As to the pros and cons of blended worship, I think Robert E. Webber has addressed this very well academically, and space doesn’t permit us to do justice to it here.

      Finally, we both aim to work very hard to suspend analysis when at worship. Unfortunately, sometimes it’s hard to sit back and enjoy the drive when you realize you’re witnessing a traffic accident.

      Comment by paulthinkingoutloud — May 19, 2014 @ 9:14 pm

      • Thanks for the clarity. I think the broad strokes and authoritativeness of the original post may have generated some assumptions from me that I accused you of. My really-odd-statement pertained to the “basics” statement in my mind, although not clear in my response (need an editor). That’s all…

        Another assumption – non-CCLI choices. The lyrics you describe above may bring out a gag-reflex from me on the right Sunday.

        The worship in my new church has a lot of issues, one of which you defined (pitch). When I have to harmonize a tenor in falsetto, I know I’m just ruining it for those in front of me. If you had been more detailed on other aspects as you were with pitch, I probably would not have felt the need to respond. The specific solutions to vague issues got to me, much the same way that most conversations around politics do.

        Not to put a mental image in anyones mind (heh-heh) but, I trust that the too-tight white t-shirt was at least long enough.



        Comment by Celnet60 — May 20, 2014 @ 9:05 am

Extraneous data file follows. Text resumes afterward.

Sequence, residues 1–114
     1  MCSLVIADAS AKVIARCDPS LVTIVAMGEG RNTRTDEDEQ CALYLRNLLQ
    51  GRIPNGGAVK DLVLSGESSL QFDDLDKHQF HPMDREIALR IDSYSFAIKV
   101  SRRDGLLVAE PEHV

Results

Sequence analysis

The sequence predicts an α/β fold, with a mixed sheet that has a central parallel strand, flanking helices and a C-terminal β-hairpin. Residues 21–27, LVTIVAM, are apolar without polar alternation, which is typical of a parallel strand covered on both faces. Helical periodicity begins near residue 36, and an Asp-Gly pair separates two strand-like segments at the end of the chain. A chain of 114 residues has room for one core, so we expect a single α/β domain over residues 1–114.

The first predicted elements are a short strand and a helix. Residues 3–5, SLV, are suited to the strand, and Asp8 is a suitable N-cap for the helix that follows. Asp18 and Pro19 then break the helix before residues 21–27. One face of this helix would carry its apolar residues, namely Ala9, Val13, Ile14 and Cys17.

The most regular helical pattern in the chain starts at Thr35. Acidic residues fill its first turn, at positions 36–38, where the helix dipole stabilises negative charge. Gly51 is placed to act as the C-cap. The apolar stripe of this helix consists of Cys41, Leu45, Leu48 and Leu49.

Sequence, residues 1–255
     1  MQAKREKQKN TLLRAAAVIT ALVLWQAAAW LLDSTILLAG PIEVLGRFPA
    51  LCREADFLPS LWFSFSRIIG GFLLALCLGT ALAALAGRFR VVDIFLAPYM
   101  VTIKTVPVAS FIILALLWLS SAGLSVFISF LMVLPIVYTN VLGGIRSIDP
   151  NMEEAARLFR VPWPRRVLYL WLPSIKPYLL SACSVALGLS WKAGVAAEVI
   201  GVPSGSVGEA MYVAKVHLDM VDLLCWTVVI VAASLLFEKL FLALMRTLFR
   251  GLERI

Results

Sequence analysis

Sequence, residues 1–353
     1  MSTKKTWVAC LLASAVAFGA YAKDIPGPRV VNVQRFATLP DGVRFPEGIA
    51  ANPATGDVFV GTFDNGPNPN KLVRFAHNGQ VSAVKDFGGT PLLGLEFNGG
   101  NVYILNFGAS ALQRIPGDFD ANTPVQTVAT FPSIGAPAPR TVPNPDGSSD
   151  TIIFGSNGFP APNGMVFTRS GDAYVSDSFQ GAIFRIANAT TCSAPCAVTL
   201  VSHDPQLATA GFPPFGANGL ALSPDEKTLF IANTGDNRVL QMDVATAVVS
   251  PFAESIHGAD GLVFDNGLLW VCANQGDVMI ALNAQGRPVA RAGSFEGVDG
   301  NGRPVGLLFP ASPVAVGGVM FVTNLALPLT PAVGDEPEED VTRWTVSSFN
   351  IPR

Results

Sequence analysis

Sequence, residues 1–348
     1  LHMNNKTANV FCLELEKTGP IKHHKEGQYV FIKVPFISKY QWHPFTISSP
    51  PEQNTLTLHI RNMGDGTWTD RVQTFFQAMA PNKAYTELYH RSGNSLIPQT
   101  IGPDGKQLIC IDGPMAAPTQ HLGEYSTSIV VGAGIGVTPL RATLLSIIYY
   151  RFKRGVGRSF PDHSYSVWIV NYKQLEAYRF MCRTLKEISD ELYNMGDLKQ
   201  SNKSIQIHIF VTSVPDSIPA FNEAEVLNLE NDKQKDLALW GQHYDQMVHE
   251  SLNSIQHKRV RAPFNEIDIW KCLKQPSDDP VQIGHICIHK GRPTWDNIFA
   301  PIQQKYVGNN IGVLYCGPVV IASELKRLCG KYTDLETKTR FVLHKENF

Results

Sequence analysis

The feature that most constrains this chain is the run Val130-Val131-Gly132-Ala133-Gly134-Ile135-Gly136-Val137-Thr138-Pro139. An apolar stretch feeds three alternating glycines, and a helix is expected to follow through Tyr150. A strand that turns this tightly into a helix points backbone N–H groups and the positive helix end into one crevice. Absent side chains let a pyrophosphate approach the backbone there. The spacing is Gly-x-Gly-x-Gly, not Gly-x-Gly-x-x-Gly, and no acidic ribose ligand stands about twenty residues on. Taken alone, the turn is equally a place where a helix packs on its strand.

7. I don’t want to change the content of the post after people have already responded to it, but one thing that would have possibly improved our experience on Sunday would have been to include a few songs that appear on the current CCLI list. There are a number of advantages to this: Songs are reinforced through the week on Christian radio; visitors from other churches can identify with songs they already know; etc.

    Comment by paulthinkingoutloud — May 19, 2014 @ 9:24 pm

  8. Thankfully, the Church where we worship choose songs with theologically good lyrics, although some are ‘unsingable’. One thing that is VERY noticeable, is that when an old hymn is included, the volume of singing in the congregation is very greatly increased.

    Comment by meetingintheclouds — May 20, 2014 @ 4:37 am

  9. […] there was so much interest in my short post on Sunday about modern worship, we actually got comments! That never happens here, despite a huge daily readership. This means […]

    Pingback by Saving Modern Worship | Thinking Out Loud — May 20, 2014 @ 8:56 am

  10. Funny! I met with our music guy this morning. We were talking about his experience at a church and his list was essentially yours and commenter #5.

    Comment by Matt Marino — May 20, 2014 @ 6:12 pm